I’ve been getting a lot of wet fly questions, and I thought I’d share my answers with the group. I’m excited that so many of you are interested in this ancient and traditional art. So here we go:
Q: What size and length rod are you using on the Farmington? A: My dedicated wet fly stick is a 10-foot 5-weight Hardy Marksman II. I don’t hate it, I don’t love it. It’s got a good backbone for helping manage bigger trout in snotty currents, but I wish it were a bit softer in the flex. What’s important is that it’s a 10-footer, which I find useful for mending. Note: I still take the 7’9″ Tonka Queen out for an occasional wet fly jaunt, albeit in moderate/slow currents. That cane pole is a dream for mending.
The Queen in action. This rod gives me an ultra-fine level of line control.
Q: Do you use an indicator? A: My joke answer is “yes” — the splash of the take, the spray of water, and the jolt of the rod tip all indicate a strike. The real answer is no, not in the traditional sense. The vast majority of time, you need no visual aid to tell you the fish has taken the fly. An exception would be when you’re fishing upstream, drawing the line toward you as the rig moves downstream. I’m watching the tip of the line like a hawk for stalls, shudders, or stoppage that would indicate a delicate strike well below the surface.
Q: Do you use a floating line? A: Yes. (I’m a line control freak.)
Q: When you’re casting and mending, is it basically a dead drift, then the flies start swinging and rising? A: Kindof. Unless you introduce slack into the presentation, you’ll never really have a true dead drift. So even when I’m doing a quartering down or straight across cast and mend, the flies are moving downstream and across, albeit in a slower manner than they would with a traditional wet fly swing.
Q: You’ve said that in spring, you focus more on pool-type water, and faster water in the summer. I’m having trouble finding the right type and depth of water. Any advice? A: Generally speaking, the colder it is, the greater the chance that trout will be in deeper pool-type water. That doesn’t mean you won’t find trout in 1-foot deep riffles in December. The bottom line is: there is no substitute for experience on the water. Get out and explore. Keep a log. Where and when did you fish? Were you catching? Were others catching? What was the weather like? What was the water height? You can see where this is going. And finally, a wee plug for myself: take a lesson. I hear this a lot from clients: “I’ve driven past this spot a hundred times and never thought to fish it.”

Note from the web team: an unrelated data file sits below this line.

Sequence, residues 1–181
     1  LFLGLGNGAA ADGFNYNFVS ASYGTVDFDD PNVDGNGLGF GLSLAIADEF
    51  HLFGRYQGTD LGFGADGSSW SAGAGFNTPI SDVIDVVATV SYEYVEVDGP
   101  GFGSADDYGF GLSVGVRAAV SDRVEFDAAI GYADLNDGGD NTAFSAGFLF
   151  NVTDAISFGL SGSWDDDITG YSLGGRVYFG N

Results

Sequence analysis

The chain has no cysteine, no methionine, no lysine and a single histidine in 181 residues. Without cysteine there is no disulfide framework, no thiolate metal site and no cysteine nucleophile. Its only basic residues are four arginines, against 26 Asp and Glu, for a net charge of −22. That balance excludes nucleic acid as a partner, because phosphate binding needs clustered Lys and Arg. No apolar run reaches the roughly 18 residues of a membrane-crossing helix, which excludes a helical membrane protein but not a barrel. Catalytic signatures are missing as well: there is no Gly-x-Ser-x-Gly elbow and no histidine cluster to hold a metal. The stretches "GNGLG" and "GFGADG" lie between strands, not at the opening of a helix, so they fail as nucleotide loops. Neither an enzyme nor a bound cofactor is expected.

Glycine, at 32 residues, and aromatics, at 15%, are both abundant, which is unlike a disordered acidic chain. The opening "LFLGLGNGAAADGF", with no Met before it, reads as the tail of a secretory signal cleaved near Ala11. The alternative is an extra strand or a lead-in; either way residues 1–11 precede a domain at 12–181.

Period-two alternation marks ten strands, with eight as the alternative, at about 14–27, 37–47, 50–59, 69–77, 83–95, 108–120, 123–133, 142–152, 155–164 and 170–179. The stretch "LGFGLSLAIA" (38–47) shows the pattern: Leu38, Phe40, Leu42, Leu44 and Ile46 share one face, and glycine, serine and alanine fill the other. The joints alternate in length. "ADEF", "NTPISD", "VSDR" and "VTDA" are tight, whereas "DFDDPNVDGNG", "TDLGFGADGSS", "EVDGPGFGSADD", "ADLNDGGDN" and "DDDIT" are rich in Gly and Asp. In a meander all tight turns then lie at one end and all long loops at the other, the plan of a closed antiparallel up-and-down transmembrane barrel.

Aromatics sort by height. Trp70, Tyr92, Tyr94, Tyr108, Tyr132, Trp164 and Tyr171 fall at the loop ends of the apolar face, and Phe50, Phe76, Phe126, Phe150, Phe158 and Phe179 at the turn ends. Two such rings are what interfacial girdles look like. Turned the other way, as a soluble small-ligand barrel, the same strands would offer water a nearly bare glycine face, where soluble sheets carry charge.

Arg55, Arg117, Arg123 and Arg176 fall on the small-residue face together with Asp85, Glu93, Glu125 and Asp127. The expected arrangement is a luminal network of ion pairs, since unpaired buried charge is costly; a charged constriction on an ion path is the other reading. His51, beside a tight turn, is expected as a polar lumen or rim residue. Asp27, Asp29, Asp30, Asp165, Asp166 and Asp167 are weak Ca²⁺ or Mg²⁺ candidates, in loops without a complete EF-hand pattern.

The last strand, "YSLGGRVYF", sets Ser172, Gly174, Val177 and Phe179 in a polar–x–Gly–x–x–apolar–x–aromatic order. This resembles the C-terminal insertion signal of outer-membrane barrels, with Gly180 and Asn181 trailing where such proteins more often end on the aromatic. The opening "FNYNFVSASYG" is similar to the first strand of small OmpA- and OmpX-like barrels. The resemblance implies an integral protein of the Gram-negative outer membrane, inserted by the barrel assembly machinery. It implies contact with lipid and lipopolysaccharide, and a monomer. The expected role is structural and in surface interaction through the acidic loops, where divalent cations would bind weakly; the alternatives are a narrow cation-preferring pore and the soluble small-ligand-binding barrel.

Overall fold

Q: I fished wet flies and only had one bump. What was I doing wrong? A: (This person was out on the Farmington this week.) You’ve got a lot of elements working against you. For starters, I don’t like to fish wets in the Permanent TMA in any flow over 500cfs (it’s been 750cfs and higher). 250cfs-400cfs is the wheelhouse. Hatch windows also have a lot to do with the wet fly bite. For example, right now (Hendrickson and caddis hatches) you want to be swinging anywhere from 11am to 3pm-ish. You’re trying to entice the trout that are taking the emergers. And this cold, wet weather isn’t helping, either.
When you hit the emergence just right, the results can be magical.
Keep on swinging.
I use essentially the same rod, especially in heavy water. I have found that a DT Floating line works great for mending the drift with your leader setup. Not to mention roll casting when up against the trees!
Finding what works for you is important. 🙂
Steve, Great content really appreciate it!
Thanks, John. I appreciate your feedback.